I also explain how, for all there is to it, the license appeal itself boils down to 2 main issues: first, that your alcohol problem is “under control,” meaning that we can fix a sobriety date (even if the date itself is not exact), and, most important, that your alcohol problem is “likely to remain under control,” meaning that you can prove you’re a safe bet to never drink again.  Although we’ll cover each of these things in a separate article, the letters of support are the primary evidence submitted to prove that first issue, that your problem is “under control.”  The substance use evaluation is the primary evidence submitted to prove the always-more-important issue, that your alcohol problem is “likely to remain under control.”  This, in part, is why I call the substance abuse evaluation the foundation of a license appeal.  In truth, the primary purpose of our first meeting is to prepare you to go and have that evaluation completed, and get it done right.  All things considered, we’ll spend most of our time going over it, line by line, so that you will.  In my mind, the main goal of our first meeting is to send the client to the evaluator fully prepared for it.

After first meeting with the staff and then doing the overview with me, I’ll hand a blank copy of the state’s evaluation form over to you and we’ll get down to business.  First, I go through the driving record and circle all criminal driving convictions (things like suspended license charges – but not civil infractions) in different colors, and will send this “color-coded” copy of your record with you to give to the evaluator, who will be expecting it.  I also begin filling out a form of my own making, called a “Substance Abuse Evaluation Checklist.”  That form roughly follows the state’s substance use evaluation form line-by-line.  I say “roughly” because I also provide information not specifically included in the official form, but that is useful to the evaluator in determining how to best complete it.

As we go through my checklist, I will explain what each individual section is really about, and how it all fits together.  Perhaps most important, we’ll get to a point in our meeting where we’ll examine exactly what led to your decision to get sober.  This is really your “recovery story,” and it is an important tale in its own right, because we’ll examine how and why you decided to quit drinking.  As I often point out, it’s easy to quit drinking, but it’s the staying quit part that takes all the work.  When a person goes from drinker to non-drinker in a permanent way, the transition is huge, and requires profound life changes.  Many people have never thought about it in this way, so it’s my job to ask the right questions, listen, and then assemble all those details into a very brief synopsis that is contained and summarized in my checklist.  There is certainly a lot more to this than we can squeeze from over 3 hours’ worth of meeting time into a few paragraphs here, but that’s at least a realistic description of the end product we’ll create, if not the process by which we’ll create it.

We’ll also talk about your letters of support, and how you should start on them.  I provide a template example letter to follow, and specific instructions on what the letters should detail.  All the letters are to be forwarded to me in draft form for editing, so there’s no pressure for you to get it right the first time, or anything like that.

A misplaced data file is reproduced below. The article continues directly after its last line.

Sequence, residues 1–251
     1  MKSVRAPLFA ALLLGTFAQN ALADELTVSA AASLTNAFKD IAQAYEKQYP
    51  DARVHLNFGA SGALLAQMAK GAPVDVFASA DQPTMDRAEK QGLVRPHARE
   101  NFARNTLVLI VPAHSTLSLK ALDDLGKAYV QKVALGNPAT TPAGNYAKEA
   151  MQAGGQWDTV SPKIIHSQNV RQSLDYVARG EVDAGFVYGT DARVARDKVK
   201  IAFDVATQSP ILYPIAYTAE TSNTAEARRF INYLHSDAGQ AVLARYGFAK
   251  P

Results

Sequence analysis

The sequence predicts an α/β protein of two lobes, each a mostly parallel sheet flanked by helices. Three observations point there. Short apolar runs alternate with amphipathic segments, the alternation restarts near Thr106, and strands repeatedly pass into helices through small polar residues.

We’ll also talk about timing, and when things will happen.  We’ll work though the substance use form, and complete the checklist, and then move onto the hearing, and I’ll explain kind of how that all goes down, and how and when we’ll have our “prep session” before you actually go in for it.

If there are any issues, factual, legal or practical, that may affect, or in some way hold up your license appeal, then we’ll examine them and identify how to fix or resolve them.  When you leave my office, you will be ready to go and get a favorable evaluation, and we will have covered everything about it, and the process that follows.  It’s not that you’ll need to remember a lot of stuff or will in anyway feel overwhelmed, but you will, instead, know what’s coming next and what you have to do.  You’ll understand the steps we’ll be taking together, and at each phase, be ready for the next one.

I suppose the best way to put this is that we’ll spend a little over 3 hours at our first meeting getting ready to win your license back.  I will obtain all the necessary information, explain the license appeal process so that you really and truly understand it, specifically prepare you for the substance use evaluation, and outline the steps that will follow, and how it will all unfold.  Rather than confused, you’ll walk out of my office with a calm confidence and full comprehension of how, when, and why you’ll be getting your license back.

If you are looking to win back your driver’s license, be a good consumer.  Read what you can (I’ll admit that I say this a bit selfishly, because I have probably written 100 times more about license appeals than everyone else combined), and then check around.  If you’re sober and I’m your lawyer, I guarantee to win your case, it’s that simple.  If you’re not sober, maybe I can help you tip the scales in favor of a decision to finally quit drinking.  Either way, you can reach my office Monday through Friday, from 8:30 a.m. until 5:00 p.m. (EST), at 586-465-1980.  All consultations are done over the phone, right when you call, so whatever your questions, know that we’re here to help.